Final Cut Pro X, Apple's professional video editing software, today adds some updates that will integrate third-party applications into the editing interface. Although third-party plug-ins and effects have already been available for software, today's news opens Final Cut Pro X for third-party application developers to further simplify editing. "This is the first time we allow the integration of third-party applications at this level, which is so closely linked to the FCPX engine," said an Apple spokesman.
Apple calls these third party integration extensions that fit the Final Cut Pro X interface and allow publishers to leverage media between libraries, add clip markers, and sync between apps and Final Cut chronology. The first applications to be integrated today are Frame.io, Shutterstock and CatDV, which can be downloaded for free from the Mac App Store. Apple says it is currently working on more and will still add more third-party extensions such as the Simon Says transcription service.
Frame.io is a collaboration tool that can be described as "Google Docs for Video Editing," in which more viewers can add notes to specific parts of a video. It is useful for projects that require multiple people to review simultaneously, so it is used by many studios and media companies, including Verge & # 39; s video. Other workflow extensions, such as Shutterstock, will allow navigation and purchase of stock images within the program, and CatDV will provide media management.
Some features that Apple adds today have already been integrated into its rival products, such as Adobe Premiere. This includes the integration of Frame.io and batch sharing, which allows users to simultaneously export multiple clips. Other features are new and exclusive to Final Cut, such as full support for closed SRT subtitle files. Words can be attached to clips, so if a clip is rearranged, the subtitles are arranged with it. Together with future integration of transcription services, Apple facilitates the creation of accessible videos, which can also be easily distributed on platforms like Facebook and YouTube.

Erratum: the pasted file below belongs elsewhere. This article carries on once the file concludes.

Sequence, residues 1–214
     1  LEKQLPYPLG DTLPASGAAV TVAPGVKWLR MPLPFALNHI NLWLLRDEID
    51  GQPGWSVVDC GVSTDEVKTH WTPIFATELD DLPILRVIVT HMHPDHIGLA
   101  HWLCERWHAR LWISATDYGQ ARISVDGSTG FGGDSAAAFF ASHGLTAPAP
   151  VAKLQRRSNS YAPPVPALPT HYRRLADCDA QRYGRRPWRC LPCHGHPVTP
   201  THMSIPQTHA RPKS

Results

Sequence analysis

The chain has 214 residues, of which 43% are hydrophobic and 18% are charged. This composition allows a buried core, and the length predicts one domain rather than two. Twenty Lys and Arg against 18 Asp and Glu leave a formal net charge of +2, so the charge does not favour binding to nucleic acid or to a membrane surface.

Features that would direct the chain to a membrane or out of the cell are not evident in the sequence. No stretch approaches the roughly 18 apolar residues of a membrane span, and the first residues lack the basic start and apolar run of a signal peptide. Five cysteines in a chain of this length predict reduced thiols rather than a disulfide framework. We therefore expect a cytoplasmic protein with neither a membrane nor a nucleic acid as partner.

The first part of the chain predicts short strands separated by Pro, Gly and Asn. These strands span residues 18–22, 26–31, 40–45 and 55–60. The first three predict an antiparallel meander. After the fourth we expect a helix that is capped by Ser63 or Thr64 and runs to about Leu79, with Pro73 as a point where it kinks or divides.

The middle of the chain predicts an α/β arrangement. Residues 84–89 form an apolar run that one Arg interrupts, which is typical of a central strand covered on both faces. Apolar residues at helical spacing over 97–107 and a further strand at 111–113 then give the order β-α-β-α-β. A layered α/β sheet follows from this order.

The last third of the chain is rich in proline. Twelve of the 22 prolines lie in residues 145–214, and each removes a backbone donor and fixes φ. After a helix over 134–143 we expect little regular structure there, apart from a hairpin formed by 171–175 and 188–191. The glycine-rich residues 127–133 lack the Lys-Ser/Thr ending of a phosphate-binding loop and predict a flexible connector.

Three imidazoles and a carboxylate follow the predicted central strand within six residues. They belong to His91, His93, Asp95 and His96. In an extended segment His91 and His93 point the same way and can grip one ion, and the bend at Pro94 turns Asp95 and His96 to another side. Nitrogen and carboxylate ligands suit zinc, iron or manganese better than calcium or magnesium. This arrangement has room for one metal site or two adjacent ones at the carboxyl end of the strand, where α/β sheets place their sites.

Other updates include a Comparison Viewer, which allows publishers to view reference pictures in a new window to keep a consistent look in their entire videos while classifying them. A new window of flood stamps with code-code codes and an improved noise reduction to minimize low-light artefacts or archive images.
Today's update also brings some new features to Motion, the graphics application for Final Cut and Compressor motion graphics for video encoding. The proposal receives correction and color classification functions along with some new filters, and the compressor moves into a 64-bit engine to encode high-resolution and high-frame videos. It will also support closed SRT legends.
Final Cut Pro X, released in 2011 as a successor to Final Cut Pro 7, has been polarized for many video editors at the time, as project files were not compatible with each other, and the completely revised design lacked key features. Video experts have been eliminated and have been determined to switch to other programs such as Adobe Premiere within the Creative Cloud suite that even has its own set of rival applications such as After Effects for motion graphics and Media Encoder for video optimization. Apple has worked hard since then with regular updates to add these missing features through plug-ins and third-party tools, but adding today's workflow extensions and third-party applications seems to be a significant effort on the part of company to bring back those professional users.
Final Cut Pro X is available on the Mac App Store for $ 299.99, while its companion Motion and Compressor apps are $ 49.99. Updates are free for existing users.